School’s out: Why are Austrian students studying in a 19th-century church?

Throughout the day, hushed voices fill Vienna's Votivkirche church, but not in prayer: the coronavirus pandemic has led to its tall, neo-Gothic spires housing a study hall for university students.

School's out: Why are Austrian students studying in a 19th-century church?

“It's very cool to study in the Votivkirche, but it's very cold,” 19-year-old Mia Bardone, who is studying to be a teacher, said on Thursday as she read old German poetry in the light streaming through the church's stained-glass windows.

To keep its roughly 90,000 students safe from contracting Covid-19 and to adhere to social-distancing rules, like many educational institutions the University of Vienna has had to adapt its teaching methods — many lectures are now taught online. Over the summer, faculty staff came up with the idea of turning the nearby Votivkirche into a study hall.

“It's a quiet space for learning and studying inside the church, and we had this idea because it was clear that our lecture hall capacities are too small,” says Christa Schnabl, one of the university's vice-rectors.

She explains that only 40 to 50 percent of the university's space can be used when social-distancing rules are enforced.

The 19th-century Catholic church, which has been used for events like concerts in the past, was happy to help out, Schnabl said.

Image: Picture Alliance

Over the summer, portable toilets, wireless internet connections and additional electricity plugs were installed to accommodate the students. 

“Of course in the evenings when there is mass, the church isn't open for this purpose anymore,” Schnabl said.

The university is now assessing how well students use the church, but initial feedback is positive.

“I'm too distracted at home, and I keep running to the fridge,” Tobias Ofner, a 19-year-old studying to become an English and history teacher said while sitting in one of the pews, his laptop resting on his lap.

“Studying in general is a bit harder with the pandemic because most of it is online,” Ofner said in a hushed voice.

“But here, it's really great because it's quiet and that makes for a great atmosphere to study,” he said.

Member comments

Log in here to leave a comment.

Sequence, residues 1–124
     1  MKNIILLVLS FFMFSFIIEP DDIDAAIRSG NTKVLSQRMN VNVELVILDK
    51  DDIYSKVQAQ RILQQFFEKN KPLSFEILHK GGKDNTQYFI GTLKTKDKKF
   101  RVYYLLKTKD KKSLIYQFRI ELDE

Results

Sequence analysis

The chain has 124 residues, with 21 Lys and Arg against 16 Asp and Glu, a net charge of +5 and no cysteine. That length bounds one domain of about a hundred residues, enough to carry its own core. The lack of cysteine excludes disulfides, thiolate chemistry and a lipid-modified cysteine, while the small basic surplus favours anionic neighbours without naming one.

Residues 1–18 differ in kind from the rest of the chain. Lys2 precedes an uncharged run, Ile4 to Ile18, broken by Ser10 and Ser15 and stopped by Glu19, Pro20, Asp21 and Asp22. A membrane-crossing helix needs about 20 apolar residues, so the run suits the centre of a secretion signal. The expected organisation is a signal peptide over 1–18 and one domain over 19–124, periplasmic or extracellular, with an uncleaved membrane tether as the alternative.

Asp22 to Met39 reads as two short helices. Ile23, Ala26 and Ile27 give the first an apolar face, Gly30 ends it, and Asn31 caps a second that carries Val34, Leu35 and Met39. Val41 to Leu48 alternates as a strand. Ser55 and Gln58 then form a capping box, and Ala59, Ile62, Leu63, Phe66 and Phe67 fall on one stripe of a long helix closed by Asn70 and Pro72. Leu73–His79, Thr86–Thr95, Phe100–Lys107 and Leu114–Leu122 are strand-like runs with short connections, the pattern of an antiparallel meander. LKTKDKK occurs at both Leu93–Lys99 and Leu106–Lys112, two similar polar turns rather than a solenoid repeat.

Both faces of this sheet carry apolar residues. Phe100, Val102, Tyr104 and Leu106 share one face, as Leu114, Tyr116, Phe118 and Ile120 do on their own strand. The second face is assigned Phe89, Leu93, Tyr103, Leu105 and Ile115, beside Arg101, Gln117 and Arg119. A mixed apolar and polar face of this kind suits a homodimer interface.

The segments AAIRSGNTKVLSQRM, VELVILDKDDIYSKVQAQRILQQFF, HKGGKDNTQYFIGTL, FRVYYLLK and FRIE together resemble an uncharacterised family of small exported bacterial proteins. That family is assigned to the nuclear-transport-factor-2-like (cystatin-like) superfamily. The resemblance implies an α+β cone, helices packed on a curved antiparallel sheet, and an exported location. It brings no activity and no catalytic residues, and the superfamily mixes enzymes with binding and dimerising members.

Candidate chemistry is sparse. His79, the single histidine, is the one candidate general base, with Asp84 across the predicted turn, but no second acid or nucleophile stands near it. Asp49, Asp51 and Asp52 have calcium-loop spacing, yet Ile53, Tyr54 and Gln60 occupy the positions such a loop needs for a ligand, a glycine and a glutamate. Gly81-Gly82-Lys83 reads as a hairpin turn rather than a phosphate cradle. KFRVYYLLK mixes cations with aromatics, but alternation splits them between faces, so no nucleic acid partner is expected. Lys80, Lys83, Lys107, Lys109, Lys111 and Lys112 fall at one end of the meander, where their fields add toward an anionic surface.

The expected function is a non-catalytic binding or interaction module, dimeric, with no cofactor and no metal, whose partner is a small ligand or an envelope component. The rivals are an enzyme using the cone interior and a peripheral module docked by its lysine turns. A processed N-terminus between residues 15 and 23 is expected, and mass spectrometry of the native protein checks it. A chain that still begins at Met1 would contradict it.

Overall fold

Become a Member to leave a comment.


EXPLAINED: How to register for the monkeypox vaccine in Vienna

Austria's capital city Vienna has begun registration appointments for those who want to get a monkeypox vaccine. Here's what you need to know.

EXPLAINED: How to register for the monkeypox vaccine in Vienna

As of September 9th, people can make reservations for monkeypox vaccination in Vienna, authorities announced. It is possible to register for the vaccine using the health service line by calling 1450 or via the Impfservice website.

The City of Vienna has said the pre-registration is needed because all planning will be done through a central system due to a shortage of vaccines.

“Please understand that due to the vaccine shortage, we cannot offer preventive monkeypox vaccination to everyone interested. We can use the reservation platform to quickly allocate available appointments and contact interested parties as soon as there are more vaccines”, the authorities said.

After the registration, people will be contacted to book appointments on September 14th. The first available date will be September 19th.

READ ALSO: Monkeypox in Austria: What causes it and is it serious?

Who should be vaccinated against monkeypox?

Vaccination of the general population is currently not recommended.

Preventive vaccination is only offered to health care workers with a very high risk of exposure to people with monkeypox (designated monkeypox departments/outpatient clinics/offices) and persons with individual risk behaviour (persons with frequently changing sexual contacts), the City of Vienna said.

The health authorities in Vienna also have a specific information sheet in English with more information on the disease.

Monkeypox is a notifiable disease caused by a virus closely related to the smallpox virus and which can cause a condition similar to smallpox but rarely deadly. People with immunodeficiencies, pregnant women and children are at risk of more severe symptoms.

The virus spreads from person to person through contact with infectious skin lesions, via air droplets through speaking, coughing, sneezing, or other body fluids, and when having prolonged and close physical contact, e.g. through sexual intercourse.

READ ALSO: Austria recommends 4th Covid vaccine dose for everyone over 12

Usually, the first symptoms show up 5 to 14 days (at the latest, 21 days) after exposure. These include fever, general exhaustion, headaches, muscle and body aches, gastrointestinal problems and frequently painfully swollen lymph nodes.

“If you have symptoms and have had contact with someone with monkeypox, you must self-isolate at once and call 1450. If you have a confirmed monkeypox infection, you need to stay in self-isolation until the last crust has fallen off”, the Austrian authorities added.